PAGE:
Intentionally Defective Irrevocable Trusts; Estate Planning for Insecure Times
Laffie, Lesli S., Journal of Accountancy
In tumultuous economic times, intentionally defective irrevocable trusts (IDITs) offer taxpayers a powerful triple play: an estate-freeze and wealth-transfer technique, as well as an estate planning opportunity--despite terrorism, the market's vagaries and recent estate tax legislation. CPAs should become familiar with IDITs to help eligible clients preserve wealth.
WHAT IS AN IDIT?
An IDIT is an irrevocable trust; it takes advantage of a disparity between the income and estate tax treatments offered certain trusts under IRC sections 674 and 675. Because an IDIT is deemed a grantor trust for income tax purposes, the trust grantor reports the trust's income annually; however, the trust assets are not includable in the grantor's estate for estate tax purposes. A grantor can sell appreciating assets to an IDIT in exchange for a note, "freezing" the value of his or her estate and transferring wealth by converting an appreciating asset into a fixed-yield asset (for example, an interest-bearing note).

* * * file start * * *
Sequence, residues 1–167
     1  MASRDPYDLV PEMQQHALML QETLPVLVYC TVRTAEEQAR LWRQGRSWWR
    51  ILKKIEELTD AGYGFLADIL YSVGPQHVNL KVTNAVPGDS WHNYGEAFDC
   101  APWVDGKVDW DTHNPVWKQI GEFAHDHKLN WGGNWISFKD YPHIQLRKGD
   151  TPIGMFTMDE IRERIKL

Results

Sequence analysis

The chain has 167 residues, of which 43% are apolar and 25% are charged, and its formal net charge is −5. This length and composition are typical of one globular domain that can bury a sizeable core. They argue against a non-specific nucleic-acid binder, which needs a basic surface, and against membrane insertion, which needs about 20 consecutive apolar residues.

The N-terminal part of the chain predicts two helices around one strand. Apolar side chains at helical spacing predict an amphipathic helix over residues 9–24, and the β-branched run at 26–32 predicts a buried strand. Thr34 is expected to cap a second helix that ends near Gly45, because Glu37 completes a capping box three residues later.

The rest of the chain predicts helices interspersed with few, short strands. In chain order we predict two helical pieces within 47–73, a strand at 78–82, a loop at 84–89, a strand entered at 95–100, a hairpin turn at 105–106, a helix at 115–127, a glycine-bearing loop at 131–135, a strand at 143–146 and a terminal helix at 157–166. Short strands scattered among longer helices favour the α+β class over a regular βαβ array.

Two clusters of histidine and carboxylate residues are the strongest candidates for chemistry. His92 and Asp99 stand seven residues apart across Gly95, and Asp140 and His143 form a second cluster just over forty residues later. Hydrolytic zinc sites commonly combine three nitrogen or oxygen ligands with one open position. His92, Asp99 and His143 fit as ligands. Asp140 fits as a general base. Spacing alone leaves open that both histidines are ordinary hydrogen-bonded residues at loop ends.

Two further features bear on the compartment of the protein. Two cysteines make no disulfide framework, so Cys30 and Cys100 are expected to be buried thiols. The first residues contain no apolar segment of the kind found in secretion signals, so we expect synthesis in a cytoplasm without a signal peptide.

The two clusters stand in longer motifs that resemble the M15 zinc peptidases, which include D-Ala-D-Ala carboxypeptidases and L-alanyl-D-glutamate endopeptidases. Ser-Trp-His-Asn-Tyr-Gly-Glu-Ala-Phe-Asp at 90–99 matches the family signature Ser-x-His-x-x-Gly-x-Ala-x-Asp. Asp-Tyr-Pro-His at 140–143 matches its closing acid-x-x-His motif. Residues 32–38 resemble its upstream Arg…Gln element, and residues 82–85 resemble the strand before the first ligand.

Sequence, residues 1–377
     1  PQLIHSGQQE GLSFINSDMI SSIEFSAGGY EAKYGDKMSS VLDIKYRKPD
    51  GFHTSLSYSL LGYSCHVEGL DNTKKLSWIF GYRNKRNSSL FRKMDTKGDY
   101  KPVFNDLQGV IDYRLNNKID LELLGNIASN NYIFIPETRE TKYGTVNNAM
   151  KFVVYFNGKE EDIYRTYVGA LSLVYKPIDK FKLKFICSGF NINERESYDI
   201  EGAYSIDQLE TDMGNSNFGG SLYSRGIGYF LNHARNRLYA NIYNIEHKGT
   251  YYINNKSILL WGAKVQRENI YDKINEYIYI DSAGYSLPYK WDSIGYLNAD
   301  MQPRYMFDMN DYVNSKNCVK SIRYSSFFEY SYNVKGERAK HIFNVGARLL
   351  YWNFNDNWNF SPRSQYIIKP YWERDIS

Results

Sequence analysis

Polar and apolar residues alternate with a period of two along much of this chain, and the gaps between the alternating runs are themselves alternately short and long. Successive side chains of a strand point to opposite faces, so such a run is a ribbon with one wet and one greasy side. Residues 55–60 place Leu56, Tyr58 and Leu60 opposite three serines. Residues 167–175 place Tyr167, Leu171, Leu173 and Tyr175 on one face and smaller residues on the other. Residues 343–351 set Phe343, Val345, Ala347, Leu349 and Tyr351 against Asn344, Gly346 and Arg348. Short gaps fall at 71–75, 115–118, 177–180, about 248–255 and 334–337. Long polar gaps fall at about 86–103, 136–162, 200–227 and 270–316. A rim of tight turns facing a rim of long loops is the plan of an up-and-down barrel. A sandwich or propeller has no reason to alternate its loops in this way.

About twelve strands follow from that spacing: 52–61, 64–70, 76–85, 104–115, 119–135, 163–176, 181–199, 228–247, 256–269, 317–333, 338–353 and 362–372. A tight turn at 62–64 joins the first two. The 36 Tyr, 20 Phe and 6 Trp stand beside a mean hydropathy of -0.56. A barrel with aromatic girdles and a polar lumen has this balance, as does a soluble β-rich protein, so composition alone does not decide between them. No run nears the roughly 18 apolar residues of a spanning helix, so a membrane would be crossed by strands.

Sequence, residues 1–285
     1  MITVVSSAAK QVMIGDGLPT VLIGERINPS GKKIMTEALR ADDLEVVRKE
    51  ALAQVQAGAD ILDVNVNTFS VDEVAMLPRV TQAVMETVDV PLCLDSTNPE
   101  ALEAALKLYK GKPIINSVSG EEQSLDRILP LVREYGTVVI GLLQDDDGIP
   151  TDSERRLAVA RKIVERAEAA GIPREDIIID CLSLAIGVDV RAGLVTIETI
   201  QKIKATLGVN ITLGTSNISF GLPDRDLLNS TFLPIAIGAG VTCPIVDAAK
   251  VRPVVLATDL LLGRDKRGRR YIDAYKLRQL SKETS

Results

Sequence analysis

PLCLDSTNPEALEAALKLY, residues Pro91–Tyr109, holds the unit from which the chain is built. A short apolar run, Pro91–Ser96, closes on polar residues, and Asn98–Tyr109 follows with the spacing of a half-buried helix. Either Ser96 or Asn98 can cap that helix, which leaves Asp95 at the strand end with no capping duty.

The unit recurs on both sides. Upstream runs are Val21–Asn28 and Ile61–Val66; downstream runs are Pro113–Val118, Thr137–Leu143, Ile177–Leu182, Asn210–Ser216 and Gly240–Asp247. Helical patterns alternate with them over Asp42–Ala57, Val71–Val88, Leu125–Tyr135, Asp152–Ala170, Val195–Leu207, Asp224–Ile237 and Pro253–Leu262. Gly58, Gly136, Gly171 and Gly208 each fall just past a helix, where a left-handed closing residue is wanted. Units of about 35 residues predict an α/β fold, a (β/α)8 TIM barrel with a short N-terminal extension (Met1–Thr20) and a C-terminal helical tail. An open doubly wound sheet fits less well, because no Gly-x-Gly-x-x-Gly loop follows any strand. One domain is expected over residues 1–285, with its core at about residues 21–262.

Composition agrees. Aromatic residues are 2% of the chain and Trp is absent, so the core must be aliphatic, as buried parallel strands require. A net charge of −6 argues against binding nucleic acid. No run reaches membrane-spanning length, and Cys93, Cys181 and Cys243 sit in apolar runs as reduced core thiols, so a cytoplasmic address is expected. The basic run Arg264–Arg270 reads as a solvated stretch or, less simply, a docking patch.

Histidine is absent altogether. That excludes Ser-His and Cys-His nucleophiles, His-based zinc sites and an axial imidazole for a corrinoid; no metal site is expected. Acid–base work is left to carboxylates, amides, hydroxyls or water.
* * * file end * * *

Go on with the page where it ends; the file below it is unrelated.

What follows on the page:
HOW DOES IT WORK?
A grantor "seeds" an IDIT with cash or property that creates a taxable gift. He or she then sells an asset to the IDIT for an installment note. Under regulations section 1.1001-2(c), example 5 (see also revenue ruling 85-13 and Madorin, 84 TC 667 (1985)), the grantor does not recognize gain or loss on a sale of an asset to the IDIT. Similarly, the grantor pays no tax on the interest payments received on the note, but pays tax on all of the trust's income. If the grantor dies during the note's term, the IRS might argue that under Madorin the gain should be recognized. However, the grantor's estate may be able to defer the gain under the section 453 installment-sale rules, until the note is fully paid off (see Sun First Nat'l Bank of Orlando, 607 F2d 1347 (Ct. …